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‘Clearly not a python': Video shows Fla. officer wrangling snake from car engine

Sgt. Van Pelt, who’s a state-licensed python contractor, responded and located a red rat snake, soaking up heat in the engine bay

By Mark Price
The Charlotte Observer

LEE COUNTY, Fla. — Opening the hood of a car in Florida offers a level of risk like no other state, so no explanation was needed when a caller reported a “15- to 20-foot python” tangled in their engine.

Burmese pythons are an invasive species of snake that can reach 18 feet in South Florida, and they are known to show up anywhere at any time — like alligators.

The call came Monday, March 25, in the Lee County community of Lehigh Acres, and the responding sergeant knew instantly something was off.

Sgt. James VanPelt of the Lee County Sheriff’s Office found something orange coiled around the car’s battery, like a misplaced jumper cable.

And it was staring back at him rather defiantly, judging from photos.

It was clearly not a Burmese python.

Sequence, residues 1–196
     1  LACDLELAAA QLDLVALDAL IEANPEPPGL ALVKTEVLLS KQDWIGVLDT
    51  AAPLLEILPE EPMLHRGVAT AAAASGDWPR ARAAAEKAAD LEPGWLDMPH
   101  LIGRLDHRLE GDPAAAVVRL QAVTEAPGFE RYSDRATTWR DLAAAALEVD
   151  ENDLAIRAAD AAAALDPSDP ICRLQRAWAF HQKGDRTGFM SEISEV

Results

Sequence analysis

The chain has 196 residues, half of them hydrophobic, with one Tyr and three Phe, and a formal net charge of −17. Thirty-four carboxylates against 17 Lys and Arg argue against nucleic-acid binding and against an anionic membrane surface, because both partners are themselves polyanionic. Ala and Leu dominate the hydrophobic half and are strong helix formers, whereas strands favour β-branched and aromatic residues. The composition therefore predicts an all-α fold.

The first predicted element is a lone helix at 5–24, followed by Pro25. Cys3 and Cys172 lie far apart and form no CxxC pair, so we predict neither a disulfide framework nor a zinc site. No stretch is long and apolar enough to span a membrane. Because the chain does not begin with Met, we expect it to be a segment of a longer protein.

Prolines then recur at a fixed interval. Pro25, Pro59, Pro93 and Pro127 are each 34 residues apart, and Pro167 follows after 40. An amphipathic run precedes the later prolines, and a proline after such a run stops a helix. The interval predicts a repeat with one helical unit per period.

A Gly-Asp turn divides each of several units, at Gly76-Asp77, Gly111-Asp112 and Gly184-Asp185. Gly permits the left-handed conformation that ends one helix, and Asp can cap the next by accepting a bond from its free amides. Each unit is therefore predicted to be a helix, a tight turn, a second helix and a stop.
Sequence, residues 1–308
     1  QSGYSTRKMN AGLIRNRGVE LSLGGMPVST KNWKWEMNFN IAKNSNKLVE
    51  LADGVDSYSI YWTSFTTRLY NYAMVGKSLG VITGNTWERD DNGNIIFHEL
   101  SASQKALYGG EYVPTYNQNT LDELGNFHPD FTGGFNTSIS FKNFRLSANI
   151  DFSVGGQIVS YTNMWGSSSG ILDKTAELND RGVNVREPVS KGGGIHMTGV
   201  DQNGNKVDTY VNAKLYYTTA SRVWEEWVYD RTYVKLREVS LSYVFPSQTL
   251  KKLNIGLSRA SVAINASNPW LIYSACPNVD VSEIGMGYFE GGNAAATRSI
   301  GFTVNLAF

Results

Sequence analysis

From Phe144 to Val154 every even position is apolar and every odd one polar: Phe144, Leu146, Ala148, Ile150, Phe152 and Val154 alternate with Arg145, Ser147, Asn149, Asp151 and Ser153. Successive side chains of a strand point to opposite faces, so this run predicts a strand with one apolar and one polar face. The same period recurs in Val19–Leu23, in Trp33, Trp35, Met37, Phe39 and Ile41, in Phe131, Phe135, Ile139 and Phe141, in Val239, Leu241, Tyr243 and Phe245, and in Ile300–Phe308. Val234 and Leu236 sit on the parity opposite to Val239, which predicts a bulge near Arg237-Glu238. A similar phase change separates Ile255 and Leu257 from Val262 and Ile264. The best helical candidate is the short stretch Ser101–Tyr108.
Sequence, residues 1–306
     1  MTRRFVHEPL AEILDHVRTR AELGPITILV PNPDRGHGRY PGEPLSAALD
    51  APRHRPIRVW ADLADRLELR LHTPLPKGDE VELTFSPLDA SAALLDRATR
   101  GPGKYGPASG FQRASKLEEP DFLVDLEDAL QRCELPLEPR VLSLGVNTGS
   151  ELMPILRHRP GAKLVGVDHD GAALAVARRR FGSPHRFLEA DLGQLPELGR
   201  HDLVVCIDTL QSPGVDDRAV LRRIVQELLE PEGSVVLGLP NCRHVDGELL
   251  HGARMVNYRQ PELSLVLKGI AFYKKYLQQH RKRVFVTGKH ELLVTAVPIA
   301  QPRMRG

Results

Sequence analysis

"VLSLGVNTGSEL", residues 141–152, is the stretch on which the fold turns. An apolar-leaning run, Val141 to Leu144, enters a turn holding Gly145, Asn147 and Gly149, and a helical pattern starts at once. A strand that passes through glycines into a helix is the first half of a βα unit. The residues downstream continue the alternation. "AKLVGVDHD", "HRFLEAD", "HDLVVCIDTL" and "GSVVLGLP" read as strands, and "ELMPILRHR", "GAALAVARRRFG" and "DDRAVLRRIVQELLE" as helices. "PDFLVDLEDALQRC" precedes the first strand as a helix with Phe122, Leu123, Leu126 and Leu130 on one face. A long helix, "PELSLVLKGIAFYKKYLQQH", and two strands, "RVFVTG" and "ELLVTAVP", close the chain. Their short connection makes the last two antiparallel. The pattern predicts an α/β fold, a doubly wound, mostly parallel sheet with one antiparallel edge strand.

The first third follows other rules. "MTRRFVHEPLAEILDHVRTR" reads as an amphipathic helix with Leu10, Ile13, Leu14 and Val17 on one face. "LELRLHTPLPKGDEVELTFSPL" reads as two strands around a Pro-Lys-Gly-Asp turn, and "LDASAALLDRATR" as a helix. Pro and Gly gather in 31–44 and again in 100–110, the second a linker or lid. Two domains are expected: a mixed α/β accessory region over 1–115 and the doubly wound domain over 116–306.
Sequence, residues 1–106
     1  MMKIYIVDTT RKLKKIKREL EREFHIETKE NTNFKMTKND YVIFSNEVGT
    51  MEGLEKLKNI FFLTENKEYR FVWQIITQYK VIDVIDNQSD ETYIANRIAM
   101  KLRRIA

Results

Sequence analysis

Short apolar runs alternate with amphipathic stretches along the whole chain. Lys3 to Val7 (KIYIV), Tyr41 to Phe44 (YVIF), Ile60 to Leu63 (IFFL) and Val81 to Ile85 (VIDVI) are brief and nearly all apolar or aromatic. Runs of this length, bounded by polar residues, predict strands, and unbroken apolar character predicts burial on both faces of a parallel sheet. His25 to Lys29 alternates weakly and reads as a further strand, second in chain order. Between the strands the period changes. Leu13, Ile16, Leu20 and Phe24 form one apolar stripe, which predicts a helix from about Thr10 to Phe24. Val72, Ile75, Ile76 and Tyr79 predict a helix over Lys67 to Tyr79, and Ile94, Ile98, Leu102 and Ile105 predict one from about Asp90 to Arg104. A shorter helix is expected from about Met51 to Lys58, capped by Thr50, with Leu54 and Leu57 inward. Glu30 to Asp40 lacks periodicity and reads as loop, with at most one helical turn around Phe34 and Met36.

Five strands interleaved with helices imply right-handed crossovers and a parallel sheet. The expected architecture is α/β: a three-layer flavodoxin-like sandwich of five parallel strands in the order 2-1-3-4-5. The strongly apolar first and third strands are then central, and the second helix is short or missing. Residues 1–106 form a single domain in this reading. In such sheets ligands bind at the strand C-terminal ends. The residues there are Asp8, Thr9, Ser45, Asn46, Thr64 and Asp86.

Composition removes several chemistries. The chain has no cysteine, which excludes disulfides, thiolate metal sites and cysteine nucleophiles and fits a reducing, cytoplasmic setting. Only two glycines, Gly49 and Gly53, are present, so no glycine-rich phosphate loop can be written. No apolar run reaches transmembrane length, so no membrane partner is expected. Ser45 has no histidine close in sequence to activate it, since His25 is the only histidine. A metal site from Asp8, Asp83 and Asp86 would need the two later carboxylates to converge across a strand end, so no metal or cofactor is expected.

Video shared by the sheriff’s office shows VanPelt forged ahead anyway, allowing the feisty snake to lunge and bite his hand, which was sheathed in a heavy glove.

He then pulled it out, like a hair in a bowl of soup.

So what was it?

“A red rat snake, soaking up heat from the engine bay,” the sheriff’s office wrote. “The snake was safely removed and released, unharmed, in a nearby wooded area.”

Red rat snakes aren’t venomous and average about 30-48 inches in length, though the biggest can reach around 72 inches, the Florida Fish and Wildlife Conservation Commission reports.

Mating season for the species starts in April, which could explain why one showed up in an unexpected place.

Lehigh Acres is about a 140-mile drive southeast from Tampa.

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